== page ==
Kyoto Tourist: Ginkakuji

Last weekend I made good on my resolution to do more cultural stuff. My goal is to continue doing this, and sharing it with you, sort of like my own little travel guide "book".  It's also a bit of a challenge for me - how many touristy sites can I visit and blog about before April?  Ready, set, go!

I was woken up on Saturday morning by the sound of rain, so instead of getting up early and heading to Kyoto, I rolled over and went back to sleep.  An hour or so later I woke up again to find that the rain had stopped.  It was still cloudy and overcast, but dry enough for me to get up, shower, and head out the door - camera in hand.  The destination I had in mind was Ginkakuji, the Silver Pavilion in Kyoto.

First, a quick history lesson.  "Ginkakuji Temple", according the the brochure they handed me when I purchased my ticket, "a Zen temple, was established in 1482 by Ashikaga Yoshimasa, the eighth Muromachi Shogunate."  He built it as his retirement home.  His grandfather (same name),  actually built Kinkakuji, the Golden Pavilion (that's on the other side of the city, so it'll have to be another day's destination). B's the real Japanese history buff, so I'm just sticking to what the brochure tells me.

The street that leads to the temple's entrance is lined with shops selling touristy stuff, green tea ice cream and drinks, and senbei (rice crackers).  Seeing as I hadn't had breakfast (or lunch) I treated myself to a senbei!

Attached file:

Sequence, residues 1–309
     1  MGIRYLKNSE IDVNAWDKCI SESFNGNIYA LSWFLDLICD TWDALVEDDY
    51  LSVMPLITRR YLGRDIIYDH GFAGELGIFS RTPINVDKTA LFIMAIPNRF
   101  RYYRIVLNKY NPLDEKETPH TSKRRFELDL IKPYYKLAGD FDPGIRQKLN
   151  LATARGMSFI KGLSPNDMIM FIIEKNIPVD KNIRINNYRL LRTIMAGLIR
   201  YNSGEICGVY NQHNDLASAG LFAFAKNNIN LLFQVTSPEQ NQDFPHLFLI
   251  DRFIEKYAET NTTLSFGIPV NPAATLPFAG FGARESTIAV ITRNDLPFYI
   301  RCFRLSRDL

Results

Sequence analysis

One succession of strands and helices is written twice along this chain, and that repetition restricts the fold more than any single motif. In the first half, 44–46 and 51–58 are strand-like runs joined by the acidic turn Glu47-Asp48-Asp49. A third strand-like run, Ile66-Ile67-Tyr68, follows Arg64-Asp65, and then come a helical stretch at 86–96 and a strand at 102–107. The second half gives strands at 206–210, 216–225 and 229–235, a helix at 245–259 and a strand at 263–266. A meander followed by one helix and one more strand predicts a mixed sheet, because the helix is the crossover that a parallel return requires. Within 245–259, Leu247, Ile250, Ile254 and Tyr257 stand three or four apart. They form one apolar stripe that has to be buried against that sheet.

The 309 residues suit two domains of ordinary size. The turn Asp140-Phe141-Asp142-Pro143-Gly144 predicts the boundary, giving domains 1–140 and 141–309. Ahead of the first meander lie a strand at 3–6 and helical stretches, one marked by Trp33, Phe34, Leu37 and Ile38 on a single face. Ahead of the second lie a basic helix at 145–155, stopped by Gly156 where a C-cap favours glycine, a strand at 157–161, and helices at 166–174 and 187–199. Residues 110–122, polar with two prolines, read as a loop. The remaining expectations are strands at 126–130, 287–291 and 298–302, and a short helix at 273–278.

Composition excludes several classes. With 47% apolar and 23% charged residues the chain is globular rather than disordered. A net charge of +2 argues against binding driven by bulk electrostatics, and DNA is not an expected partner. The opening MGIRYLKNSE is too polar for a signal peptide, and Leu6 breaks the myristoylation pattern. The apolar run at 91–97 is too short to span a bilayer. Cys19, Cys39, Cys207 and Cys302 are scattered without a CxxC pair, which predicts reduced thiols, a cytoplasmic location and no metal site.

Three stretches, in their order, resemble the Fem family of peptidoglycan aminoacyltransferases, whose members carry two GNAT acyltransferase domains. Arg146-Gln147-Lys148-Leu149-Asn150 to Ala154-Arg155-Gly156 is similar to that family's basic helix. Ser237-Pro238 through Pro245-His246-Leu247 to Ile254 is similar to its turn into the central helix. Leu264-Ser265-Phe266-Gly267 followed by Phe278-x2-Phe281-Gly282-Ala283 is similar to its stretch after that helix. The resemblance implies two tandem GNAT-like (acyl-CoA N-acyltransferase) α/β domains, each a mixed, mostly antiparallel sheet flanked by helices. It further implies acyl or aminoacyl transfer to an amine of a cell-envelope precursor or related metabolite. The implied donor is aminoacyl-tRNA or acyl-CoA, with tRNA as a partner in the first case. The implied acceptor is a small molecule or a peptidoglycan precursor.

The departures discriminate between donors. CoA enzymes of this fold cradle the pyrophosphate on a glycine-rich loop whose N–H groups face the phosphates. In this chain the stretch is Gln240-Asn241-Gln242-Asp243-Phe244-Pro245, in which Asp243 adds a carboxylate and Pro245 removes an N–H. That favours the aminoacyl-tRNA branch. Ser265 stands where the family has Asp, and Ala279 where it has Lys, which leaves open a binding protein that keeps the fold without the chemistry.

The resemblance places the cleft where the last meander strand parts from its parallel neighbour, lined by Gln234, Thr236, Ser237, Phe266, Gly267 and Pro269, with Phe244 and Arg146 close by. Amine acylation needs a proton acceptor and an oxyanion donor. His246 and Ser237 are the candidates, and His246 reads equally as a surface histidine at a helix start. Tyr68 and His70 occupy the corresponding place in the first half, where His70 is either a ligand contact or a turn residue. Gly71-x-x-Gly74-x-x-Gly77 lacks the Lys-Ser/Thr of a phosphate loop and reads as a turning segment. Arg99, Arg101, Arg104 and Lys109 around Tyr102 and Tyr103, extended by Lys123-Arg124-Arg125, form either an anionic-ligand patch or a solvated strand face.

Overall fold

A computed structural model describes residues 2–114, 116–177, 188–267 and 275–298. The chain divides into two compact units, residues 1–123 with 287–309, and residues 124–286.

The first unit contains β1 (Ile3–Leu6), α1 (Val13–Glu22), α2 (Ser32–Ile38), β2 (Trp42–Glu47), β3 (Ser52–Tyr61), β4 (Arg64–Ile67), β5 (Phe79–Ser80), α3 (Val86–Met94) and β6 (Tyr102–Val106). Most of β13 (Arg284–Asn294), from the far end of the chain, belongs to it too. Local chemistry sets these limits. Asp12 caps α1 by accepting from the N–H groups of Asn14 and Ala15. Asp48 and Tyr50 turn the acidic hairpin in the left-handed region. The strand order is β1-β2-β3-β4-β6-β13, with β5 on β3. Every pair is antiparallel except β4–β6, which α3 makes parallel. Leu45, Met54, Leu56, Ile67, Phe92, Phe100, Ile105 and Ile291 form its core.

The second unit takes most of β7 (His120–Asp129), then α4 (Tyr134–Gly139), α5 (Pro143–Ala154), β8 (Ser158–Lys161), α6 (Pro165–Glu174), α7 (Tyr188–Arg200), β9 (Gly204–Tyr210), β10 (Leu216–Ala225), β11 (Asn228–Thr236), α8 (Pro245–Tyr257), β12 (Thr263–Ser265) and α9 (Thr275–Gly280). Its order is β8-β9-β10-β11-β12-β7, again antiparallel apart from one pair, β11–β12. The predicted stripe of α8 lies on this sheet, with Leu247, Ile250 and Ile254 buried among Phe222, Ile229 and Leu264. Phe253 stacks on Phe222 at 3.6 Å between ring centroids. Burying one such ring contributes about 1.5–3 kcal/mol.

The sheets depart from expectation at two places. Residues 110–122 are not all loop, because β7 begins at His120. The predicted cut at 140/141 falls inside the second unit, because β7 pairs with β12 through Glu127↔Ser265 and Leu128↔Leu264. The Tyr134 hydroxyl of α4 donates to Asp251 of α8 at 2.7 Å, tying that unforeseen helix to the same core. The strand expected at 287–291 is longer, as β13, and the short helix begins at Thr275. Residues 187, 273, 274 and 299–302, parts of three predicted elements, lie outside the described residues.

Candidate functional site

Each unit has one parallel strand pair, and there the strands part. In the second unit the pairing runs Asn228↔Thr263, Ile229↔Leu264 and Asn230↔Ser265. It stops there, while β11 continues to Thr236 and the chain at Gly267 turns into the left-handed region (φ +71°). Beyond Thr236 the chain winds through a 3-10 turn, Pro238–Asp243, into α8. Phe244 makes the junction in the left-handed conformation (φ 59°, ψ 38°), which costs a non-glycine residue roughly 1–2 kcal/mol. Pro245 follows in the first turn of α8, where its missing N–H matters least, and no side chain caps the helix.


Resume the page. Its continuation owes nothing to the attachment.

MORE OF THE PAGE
You can even buy an ice pop from the exact same shop where Leonardo Dicaprio bought ice cream!!!

At the top of this street, you arrive at a hedge-lined path that leads to the actual temple, or rather the ticket booth.  Entrance is ¥500 for adults (forgive me, I didn't think to look at the child price).  Save your ticket - it's actually a good luck blessing for your house!  Mine...well, it got crumpled in my bag.  Oops.

Once you are inside the temple complex, everything is very tranquil and serene...very Zen, as it should be!  The paths are well laid out, with fool proof arrows marking the way.  For the next thirty minutes or so (depending on how slowly you stroll though or how many pictures you take) relax and take in the perfectly manicured surroundings.

The rippled sand and the flat topped cone are called Ginsyadan and Kogetsudai repectively.  The Ginsyandan is meant to represent waves, and Kogetsudai Mt. Fuji.

This is it, Ginkaku, or as it was originally called, Kannon-den.  Despite being a national treasure, I find it really underwhelming (the same way I found the Mona Lisa and Leaning Tower of Pisa underwhelming).  I was glad to find that it was no longer under renovations though, as the last two times I visited, it was hidden behind scaffolding!

 Be careful if you visit on a rainy day...these suckers can get slippery!

A couple more months and all of this will be bright red...I can't wait!

I got lucky and visited on a day when the temple was fairly quiet, so it was extra nice as an escape from the craziness of the city.  A lot of places in Japan can be quite crowded though, as tourists jockey to get that perfect picture.  It's more like being swept through a river of people than having a true Zen experience!  While many tourist sites in Kyoto are huge, and can take hours to really see, Ginkakuji is small and compact, the perfect option if you are looking for something cultural, but don't have a lot of time to spend.  Over all it's pretty, peaceful, and definitely worth a visit when you're in Kyoto.

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